The Nonprofit Development Companion – Development and Fundraising are NOT Interchangeable [Book Review]

Nonprofit Development Companion

The Nonprofit Development Companion: A Workbook for Fundraising Success (The AFP/Wiley Fund Development Series) has a wealth of information which I have recently found helpful in crafting a fundraising plan in light of the all encompassing development plan. This is because this book clearly delineates the differences between “development” and “fundraising.” While attending a recent […]

An Executive’s Guide to Fundraising Operations – not exclusively for executives [Book Review]

Executive Guide to Fundraising Operations

This book isn’t just another “how-to,” but includes perspectives from the field in the chapter titled “Decision Advice from the Field.” These contributions from practitioners in the field help bring additional context to the terms, concepts, and examples showcased elsewhere in the text.

Breakthrough Nonprofit Branding – valueable, but not for obvious reasons [Book Review]

Breakthrough Nonprofit Branding

If you are a business looking to partner with a charitable organization, a non-profit looking to give your organizational mission more richness through a strategic partnership in the private sector, or like myself looking to better articulate the non-profit organizational brand by borrowing from the private sector, I believe this book is a must read.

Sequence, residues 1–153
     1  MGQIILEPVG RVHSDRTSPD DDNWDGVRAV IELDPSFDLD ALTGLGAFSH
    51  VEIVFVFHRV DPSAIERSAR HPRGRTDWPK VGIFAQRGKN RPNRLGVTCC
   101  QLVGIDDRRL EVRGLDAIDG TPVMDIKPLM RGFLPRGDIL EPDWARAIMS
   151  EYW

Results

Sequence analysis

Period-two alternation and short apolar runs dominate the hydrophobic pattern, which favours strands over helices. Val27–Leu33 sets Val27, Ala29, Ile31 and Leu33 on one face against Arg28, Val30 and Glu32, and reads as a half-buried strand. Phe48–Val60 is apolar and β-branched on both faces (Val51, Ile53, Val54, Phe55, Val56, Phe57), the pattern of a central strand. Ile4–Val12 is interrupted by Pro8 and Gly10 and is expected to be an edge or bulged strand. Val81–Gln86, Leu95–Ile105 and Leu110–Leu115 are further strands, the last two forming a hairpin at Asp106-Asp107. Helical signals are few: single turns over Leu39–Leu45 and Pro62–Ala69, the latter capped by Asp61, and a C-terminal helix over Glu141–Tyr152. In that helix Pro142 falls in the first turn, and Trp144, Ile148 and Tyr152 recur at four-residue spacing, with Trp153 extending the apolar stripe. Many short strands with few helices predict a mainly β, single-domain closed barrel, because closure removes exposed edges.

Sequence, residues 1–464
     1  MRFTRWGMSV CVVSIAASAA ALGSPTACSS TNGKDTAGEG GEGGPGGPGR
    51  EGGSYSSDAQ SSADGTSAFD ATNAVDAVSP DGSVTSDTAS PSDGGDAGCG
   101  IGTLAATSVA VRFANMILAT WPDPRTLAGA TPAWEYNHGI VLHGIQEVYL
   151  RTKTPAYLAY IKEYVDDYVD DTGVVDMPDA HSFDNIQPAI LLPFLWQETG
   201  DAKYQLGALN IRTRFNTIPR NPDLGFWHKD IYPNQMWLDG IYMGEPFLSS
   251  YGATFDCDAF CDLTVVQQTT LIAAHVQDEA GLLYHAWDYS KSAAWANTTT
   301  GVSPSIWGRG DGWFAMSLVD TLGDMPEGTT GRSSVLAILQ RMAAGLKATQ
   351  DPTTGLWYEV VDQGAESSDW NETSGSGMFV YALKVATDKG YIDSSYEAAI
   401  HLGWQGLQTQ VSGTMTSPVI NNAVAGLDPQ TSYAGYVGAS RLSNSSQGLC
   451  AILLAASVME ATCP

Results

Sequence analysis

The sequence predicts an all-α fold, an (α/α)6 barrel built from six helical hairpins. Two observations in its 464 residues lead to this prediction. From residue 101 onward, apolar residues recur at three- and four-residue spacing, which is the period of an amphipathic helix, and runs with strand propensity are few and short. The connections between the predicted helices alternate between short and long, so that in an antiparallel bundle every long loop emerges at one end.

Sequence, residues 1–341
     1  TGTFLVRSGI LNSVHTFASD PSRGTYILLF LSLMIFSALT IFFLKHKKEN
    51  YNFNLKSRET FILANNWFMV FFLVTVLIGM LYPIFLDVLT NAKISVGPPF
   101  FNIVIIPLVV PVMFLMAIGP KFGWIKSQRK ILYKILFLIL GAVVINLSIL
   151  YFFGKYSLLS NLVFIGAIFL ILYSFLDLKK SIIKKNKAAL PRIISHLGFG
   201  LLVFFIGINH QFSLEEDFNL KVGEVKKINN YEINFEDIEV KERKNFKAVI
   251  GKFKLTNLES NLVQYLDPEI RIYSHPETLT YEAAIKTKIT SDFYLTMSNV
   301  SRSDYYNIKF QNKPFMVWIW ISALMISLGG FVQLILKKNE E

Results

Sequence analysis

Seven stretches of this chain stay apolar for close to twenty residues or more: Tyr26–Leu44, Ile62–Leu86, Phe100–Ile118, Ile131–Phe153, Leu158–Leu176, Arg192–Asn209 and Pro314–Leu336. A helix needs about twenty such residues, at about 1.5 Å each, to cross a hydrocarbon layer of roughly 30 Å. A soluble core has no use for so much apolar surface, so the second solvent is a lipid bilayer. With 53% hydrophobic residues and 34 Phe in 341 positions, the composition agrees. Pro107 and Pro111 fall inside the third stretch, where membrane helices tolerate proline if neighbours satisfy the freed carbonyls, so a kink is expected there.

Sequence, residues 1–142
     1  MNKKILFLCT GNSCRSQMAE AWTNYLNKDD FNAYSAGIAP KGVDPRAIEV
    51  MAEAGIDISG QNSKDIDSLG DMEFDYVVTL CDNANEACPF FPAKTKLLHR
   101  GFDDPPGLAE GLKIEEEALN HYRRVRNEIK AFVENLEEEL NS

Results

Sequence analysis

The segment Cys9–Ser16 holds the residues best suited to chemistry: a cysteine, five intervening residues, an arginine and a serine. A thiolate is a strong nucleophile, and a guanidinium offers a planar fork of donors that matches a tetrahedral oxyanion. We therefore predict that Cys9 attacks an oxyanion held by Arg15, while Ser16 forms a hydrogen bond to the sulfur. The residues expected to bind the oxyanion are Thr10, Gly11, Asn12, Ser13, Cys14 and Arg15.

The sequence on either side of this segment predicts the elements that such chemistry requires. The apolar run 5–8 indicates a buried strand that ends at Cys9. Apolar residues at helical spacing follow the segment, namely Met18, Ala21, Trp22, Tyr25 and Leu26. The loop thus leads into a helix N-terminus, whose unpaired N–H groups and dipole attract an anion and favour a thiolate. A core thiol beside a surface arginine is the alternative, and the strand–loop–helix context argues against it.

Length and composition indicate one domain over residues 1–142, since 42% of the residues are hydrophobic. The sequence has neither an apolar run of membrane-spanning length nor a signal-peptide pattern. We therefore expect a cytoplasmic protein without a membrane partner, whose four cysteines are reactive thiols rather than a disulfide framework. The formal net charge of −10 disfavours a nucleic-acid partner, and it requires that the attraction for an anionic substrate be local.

Being Deliberate About Non-profit Organizational Culture

Joined Hands

I’ve been thinking about organizational culture for a few weeks now. Initially prompted by the latest edition of the Harvard Business Review and the discussion on collaboration, I was reminded about the impact of organizational culture again this week by a news report regarding an alleged culture of cheating in the Atlanta Public School system (APS).

Reconsidering the Titles We Give Professional Fundraisers

business card

Within the profession we use awkward terminology to refer to the relationship donors share with the person that represents their connection with the organization (e.g. development director and major gifts officer). Neither of these titles reflect the balance professional fundraisers negotiate between donor intent and organizational need… a highly difficult task in light of donor advised funds, restricted gifts, and performance-driven grant making. These titles also fail to address the other aspects of the fundraising profession, the trust relationship.